The second goal was hardly better. Arsenal are once again completely caught out. Partey slides into a tackle and gets hurt, Arsenal take off to counter Spurs, and completely over-commit their numbers. From there, Tottenham carryout a quintessential Jose attacking movement to score again.
In very few games do I feel assured the match is over at 2-0. Yesterday, I did. Arsenal have struggled to breakdown teams all year, and here they were facing a team that Manchester City and Chelsea failed to score against, while down by 2. It enabled Spurs to completely clog the center of the pitch, sit in their low block, and deny dangerous opportunities within a formation that included a six-back defensive line at times.
Arsenal were left to funnel the ball into the wings and chose to settle for 44 crosses in the match — food and drink for six defenders to handle. Frustratingly, the second half of the match was equally as bad as the first, just in a different way.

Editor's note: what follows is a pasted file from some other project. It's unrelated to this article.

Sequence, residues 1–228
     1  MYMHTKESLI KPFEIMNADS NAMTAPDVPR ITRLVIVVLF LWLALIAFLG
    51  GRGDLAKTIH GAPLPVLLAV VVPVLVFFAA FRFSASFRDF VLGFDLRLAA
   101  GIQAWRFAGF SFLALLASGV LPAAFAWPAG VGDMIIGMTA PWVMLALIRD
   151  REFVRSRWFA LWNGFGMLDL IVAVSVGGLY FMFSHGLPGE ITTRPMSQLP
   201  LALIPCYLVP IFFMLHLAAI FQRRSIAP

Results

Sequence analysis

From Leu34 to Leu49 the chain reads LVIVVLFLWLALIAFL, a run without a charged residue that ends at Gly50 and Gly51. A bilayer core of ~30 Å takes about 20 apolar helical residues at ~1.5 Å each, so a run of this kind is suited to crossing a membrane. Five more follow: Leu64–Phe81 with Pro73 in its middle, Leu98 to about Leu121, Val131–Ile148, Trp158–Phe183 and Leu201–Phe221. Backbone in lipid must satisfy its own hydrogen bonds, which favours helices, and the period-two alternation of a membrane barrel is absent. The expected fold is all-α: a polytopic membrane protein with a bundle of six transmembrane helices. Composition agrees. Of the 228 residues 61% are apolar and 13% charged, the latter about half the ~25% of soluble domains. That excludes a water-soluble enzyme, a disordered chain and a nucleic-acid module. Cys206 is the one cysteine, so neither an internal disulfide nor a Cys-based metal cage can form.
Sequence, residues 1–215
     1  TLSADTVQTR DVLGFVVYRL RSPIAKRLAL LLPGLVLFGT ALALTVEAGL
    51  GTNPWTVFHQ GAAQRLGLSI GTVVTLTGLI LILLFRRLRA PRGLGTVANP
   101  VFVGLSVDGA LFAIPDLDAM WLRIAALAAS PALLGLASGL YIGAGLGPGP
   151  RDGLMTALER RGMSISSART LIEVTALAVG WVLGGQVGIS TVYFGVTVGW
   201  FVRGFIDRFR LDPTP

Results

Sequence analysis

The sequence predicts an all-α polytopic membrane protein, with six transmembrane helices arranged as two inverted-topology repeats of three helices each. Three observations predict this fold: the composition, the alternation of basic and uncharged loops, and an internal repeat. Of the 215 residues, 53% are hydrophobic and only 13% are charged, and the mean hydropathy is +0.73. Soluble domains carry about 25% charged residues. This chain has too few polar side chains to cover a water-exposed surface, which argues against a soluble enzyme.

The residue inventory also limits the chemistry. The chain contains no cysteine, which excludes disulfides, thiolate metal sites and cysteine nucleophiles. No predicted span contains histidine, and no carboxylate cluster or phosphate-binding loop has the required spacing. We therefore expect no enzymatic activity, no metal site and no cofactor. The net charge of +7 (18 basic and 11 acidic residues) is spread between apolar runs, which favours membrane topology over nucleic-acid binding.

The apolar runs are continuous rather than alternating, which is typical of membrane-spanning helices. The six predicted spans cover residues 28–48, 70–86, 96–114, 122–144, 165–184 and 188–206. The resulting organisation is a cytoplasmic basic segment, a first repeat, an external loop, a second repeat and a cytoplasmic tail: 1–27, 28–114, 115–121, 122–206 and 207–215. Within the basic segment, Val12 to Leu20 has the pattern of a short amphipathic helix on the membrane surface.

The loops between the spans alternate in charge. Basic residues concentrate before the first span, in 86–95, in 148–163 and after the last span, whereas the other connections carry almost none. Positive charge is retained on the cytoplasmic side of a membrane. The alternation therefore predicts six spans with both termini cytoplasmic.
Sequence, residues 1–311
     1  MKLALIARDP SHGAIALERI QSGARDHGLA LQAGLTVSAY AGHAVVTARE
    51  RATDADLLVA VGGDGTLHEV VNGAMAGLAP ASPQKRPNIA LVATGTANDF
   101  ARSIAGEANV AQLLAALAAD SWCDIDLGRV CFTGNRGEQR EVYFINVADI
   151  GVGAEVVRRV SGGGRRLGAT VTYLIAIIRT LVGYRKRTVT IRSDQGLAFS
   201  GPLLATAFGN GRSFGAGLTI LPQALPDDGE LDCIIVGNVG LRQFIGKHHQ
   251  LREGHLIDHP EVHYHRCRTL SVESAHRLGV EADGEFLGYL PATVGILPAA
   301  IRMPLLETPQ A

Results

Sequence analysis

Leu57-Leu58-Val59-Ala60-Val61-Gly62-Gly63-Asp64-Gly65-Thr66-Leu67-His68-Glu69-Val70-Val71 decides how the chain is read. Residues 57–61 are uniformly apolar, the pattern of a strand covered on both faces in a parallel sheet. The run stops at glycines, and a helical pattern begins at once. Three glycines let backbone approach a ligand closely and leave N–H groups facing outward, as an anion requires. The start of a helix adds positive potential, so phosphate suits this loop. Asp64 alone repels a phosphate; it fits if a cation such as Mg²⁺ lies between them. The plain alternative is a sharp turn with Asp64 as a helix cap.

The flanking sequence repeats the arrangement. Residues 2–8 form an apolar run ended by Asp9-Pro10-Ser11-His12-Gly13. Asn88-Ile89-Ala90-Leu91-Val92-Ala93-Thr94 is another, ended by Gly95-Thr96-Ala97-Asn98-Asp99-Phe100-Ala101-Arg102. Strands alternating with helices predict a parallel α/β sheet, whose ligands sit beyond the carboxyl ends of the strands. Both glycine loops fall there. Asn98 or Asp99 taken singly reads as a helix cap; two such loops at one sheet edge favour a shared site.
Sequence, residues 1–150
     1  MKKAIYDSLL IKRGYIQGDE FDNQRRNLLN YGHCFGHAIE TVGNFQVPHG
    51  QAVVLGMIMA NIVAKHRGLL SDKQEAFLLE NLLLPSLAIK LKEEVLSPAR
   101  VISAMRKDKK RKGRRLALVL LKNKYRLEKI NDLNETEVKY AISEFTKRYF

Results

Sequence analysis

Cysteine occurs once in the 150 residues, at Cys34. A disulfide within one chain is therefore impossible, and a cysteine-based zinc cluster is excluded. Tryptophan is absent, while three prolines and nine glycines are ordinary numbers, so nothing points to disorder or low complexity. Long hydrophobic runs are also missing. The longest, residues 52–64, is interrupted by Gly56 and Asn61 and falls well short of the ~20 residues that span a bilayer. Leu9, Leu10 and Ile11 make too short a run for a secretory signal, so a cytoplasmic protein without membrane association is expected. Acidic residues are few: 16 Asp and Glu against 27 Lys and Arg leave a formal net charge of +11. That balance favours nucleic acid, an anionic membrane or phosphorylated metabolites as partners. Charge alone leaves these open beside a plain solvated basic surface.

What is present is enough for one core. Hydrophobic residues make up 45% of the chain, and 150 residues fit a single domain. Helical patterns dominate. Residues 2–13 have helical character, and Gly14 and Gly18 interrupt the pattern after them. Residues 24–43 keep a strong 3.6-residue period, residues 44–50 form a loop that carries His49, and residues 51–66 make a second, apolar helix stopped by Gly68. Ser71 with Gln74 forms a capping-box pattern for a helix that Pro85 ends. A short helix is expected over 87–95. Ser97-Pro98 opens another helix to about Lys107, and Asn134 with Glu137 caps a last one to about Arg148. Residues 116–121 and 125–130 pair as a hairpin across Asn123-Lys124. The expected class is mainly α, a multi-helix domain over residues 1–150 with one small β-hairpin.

75% if the ball, 7 shots, 2 shots on target — no goals and few real opportunities. To see Arsenal have that much of the ball and create very little was frustrating, yet seemingly par for the course lately. For the second straight Premier League match, a team has essentially given Arsenal as much of the ball as they wanted in the second half knowing Arsenal are hardly capable of breaking them down.
Arsenal find themselves in 15th place, with undoubtedly the most important run of their season coming up. With 6 Premier League matches in the next month, and 8 matches in total, the onslaught of games will determine just how bad it can get for Arsenal. The team may be filled with player issues and not enough quality, but they are certainly past the point where they have more quality than their results. Every Arsenal fan will hope this is the lowest point of the season as Arsenal look to rebound against a Burnley side that just drew with Everton — seemingly not as easy of a match as one may assume.
Although it’s tough to find takeaways, here are a few:
A midfield disjointed: